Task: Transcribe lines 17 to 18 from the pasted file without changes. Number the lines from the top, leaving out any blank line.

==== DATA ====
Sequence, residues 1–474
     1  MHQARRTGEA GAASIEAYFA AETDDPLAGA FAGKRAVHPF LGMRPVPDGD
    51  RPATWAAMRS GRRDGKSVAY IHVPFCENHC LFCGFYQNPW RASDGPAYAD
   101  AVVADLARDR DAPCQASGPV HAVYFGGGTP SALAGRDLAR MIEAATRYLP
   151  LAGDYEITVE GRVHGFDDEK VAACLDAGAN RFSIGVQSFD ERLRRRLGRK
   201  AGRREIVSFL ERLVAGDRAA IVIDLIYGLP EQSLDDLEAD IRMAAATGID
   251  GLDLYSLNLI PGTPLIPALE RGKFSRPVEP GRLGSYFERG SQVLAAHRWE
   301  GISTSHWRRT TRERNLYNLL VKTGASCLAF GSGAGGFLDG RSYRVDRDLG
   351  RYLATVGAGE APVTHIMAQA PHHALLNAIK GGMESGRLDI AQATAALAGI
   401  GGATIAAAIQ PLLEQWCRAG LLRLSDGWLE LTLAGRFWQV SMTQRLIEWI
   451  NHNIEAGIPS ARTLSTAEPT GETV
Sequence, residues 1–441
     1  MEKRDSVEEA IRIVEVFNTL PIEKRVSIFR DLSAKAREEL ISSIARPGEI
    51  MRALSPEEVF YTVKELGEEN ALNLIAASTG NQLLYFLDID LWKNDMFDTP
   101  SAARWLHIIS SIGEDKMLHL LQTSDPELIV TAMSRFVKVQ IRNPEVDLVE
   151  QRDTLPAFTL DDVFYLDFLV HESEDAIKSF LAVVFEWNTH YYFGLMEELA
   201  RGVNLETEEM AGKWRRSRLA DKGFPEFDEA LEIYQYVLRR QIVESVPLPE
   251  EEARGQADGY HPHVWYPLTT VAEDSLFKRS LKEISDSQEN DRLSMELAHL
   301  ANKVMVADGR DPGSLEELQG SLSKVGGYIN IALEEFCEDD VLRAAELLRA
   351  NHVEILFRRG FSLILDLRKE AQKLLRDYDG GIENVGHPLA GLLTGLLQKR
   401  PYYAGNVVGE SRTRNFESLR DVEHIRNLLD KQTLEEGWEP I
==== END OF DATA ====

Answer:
   201  RGVNLETEEM AGKWRRSRLA DKGFPEFDEA LEIYQYVLRR QIVESVPLPE
   251  EEARGQADGY HPHVWYPLTT VAEDSLFKRS LKEISDSQEN DRLSMELAHL